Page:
I’m Diana Swillinger, and this is the Renew Your Mind podcast, Episode 97 Listener Questions about challenges in marriage. Welcome to The Renew Your Mind podcast. I’m your host, Diana Swillinger. A lot of us have tried to do the right thing all our lives, but we still feel overwhelmed and stuck. I believe that you deserve to get unstuck and experience more joy, more peace, and more contentment. Regardless of what life sends your way, I’m here to help you renew your mind and make it all possible.
DIANA: Hey. Hey, everybody. Welcome to another episode with Rianon and listener questions. And if you have a question that you’ve been wishing we answer on the podcast, you just got to join the Facebook group, the Renew Your Mind community. And we always ask every month if you have a question because, uh, we would love to answer your question here on the podcast. So, anyway. Hey, Rianon. How are you doing?
Rianon: Good. How are you?
DIANA: I’m doing great. Yeah, I’m good. I think I’m getting sick of winter, but I’ll, uh, just go to Texas for a week and get away from it and then come back. And then it’ll be almost over. That’s my plan.
Rianon: That sounds wonderful. Where are you going in Texas?
DIANA: So my mom and I are going to a town outside of San Antonio just because that’s where I found a pretty place to go. So it’s in a hilly spot. Wine country, I guess. Did you know there’s wine country in Texas? Who knew? And so there’s supposed to be some nice views. So I plan on doing not much of anything.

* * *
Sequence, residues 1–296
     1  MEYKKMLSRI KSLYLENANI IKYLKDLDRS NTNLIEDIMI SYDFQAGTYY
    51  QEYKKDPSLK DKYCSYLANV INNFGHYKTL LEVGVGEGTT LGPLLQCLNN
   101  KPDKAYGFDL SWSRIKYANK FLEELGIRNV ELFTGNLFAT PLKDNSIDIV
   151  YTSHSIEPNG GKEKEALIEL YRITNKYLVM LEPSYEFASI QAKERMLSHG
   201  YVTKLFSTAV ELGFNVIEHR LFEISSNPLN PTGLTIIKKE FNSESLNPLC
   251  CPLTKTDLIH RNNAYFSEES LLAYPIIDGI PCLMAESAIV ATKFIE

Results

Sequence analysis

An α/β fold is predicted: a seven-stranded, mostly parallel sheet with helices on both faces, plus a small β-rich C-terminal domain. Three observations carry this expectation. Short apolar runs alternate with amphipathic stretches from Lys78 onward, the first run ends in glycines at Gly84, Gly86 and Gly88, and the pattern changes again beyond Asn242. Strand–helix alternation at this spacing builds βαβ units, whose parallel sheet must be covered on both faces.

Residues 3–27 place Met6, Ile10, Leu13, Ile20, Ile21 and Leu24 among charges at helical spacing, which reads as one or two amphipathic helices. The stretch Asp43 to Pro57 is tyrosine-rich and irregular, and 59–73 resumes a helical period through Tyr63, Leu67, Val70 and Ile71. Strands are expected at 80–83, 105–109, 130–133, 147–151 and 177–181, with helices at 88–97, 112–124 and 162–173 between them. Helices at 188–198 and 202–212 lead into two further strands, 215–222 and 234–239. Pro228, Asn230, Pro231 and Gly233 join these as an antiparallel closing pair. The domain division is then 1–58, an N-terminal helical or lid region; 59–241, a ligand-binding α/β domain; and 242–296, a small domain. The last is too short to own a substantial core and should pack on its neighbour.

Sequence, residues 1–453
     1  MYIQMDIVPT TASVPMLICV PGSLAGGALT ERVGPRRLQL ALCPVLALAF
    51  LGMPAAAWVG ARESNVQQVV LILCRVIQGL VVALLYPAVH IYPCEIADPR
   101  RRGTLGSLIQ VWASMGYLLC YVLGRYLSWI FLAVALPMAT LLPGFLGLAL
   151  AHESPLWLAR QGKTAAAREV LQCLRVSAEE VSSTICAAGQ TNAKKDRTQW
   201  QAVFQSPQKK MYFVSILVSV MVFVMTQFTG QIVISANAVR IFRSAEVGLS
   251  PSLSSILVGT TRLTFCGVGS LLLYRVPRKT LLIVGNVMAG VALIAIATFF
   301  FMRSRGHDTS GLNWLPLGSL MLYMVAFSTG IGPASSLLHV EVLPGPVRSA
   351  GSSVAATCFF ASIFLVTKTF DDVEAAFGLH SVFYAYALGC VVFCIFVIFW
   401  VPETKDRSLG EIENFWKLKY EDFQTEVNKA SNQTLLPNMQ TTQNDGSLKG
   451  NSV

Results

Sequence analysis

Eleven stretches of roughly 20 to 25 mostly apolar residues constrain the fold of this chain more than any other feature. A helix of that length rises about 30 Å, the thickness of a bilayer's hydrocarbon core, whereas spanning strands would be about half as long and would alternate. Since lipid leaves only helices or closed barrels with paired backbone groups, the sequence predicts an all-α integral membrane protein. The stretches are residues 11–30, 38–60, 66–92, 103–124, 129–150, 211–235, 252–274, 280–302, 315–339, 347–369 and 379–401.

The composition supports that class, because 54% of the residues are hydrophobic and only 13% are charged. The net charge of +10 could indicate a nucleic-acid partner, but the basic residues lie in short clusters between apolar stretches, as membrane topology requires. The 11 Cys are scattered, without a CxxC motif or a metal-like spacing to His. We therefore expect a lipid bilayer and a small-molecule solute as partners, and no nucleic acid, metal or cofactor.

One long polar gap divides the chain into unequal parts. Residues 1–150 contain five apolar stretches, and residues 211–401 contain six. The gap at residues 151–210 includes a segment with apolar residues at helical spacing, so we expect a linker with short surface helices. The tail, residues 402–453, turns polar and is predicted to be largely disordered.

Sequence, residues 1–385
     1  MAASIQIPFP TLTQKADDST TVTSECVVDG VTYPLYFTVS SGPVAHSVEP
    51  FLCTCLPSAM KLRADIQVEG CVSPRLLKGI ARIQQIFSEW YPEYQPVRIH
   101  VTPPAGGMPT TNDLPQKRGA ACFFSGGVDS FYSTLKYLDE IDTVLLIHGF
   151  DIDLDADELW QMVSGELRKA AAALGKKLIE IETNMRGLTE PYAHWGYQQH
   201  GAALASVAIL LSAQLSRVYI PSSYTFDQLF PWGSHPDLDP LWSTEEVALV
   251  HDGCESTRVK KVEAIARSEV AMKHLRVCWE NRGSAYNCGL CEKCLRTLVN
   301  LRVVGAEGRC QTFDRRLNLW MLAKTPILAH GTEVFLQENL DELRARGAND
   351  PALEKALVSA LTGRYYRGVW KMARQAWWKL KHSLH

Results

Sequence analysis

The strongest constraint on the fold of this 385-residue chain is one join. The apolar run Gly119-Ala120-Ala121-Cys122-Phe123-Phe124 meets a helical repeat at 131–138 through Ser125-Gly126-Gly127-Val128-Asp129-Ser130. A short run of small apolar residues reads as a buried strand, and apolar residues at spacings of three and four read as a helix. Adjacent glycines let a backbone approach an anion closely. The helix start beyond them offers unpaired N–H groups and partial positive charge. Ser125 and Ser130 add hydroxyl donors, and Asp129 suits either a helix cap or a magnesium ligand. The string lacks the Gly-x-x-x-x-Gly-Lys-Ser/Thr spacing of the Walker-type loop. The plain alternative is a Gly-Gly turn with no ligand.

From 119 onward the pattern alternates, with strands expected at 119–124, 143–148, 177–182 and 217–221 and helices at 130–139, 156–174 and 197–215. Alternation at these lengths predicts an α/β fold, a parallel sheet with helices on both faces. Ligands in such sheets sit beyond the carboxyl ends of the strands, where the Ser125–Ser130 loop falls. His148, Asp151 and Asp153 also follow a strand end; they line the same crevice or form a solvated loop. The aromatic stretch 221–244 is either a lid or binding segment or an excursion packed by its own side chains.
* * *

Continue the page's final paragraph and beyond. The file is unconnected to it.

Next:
Rianon: That sounds wonderful. Good for you.
DIANA: And turning 50 while I’m there, that’s what I’m going to do. That’ll be enough work.
Rianon: No way. Happy birthday.
DIANA: Thank you. Thank you very much.
Rianon: Super exciting and hard to believe that you’re going to be 50. Seriously, right?
DIANA: Yeah, seriously.
Rianon: That’s awesome.
DIANA: Um, when 40 came, I thought, I’m going to hate being 40. That seems so old. And I was like, no, this is great. And then I was like, oh, 50 is coming. Oh, no. And then I’m like, no, I think 50s are going to be great.
Rianon: I love that attitude. I love it.
DIANA: Except for the wrinkles. I use a lot of face moisturizer these days.
Rianon: I don’t see any wrinkles. I don’t see any
DIANA: that’s because it Smooths it all out on the zoom. But, um, young people listening, listen. Moisturize your skin.
Rianon: Public service announcement.
DIANA: Yes. I did not moisturize my face as much as I could have. I don’t know if it make a difference. But anyway, that’s my public service announcement for the day. You’re welcome.
Rianon: Thank you.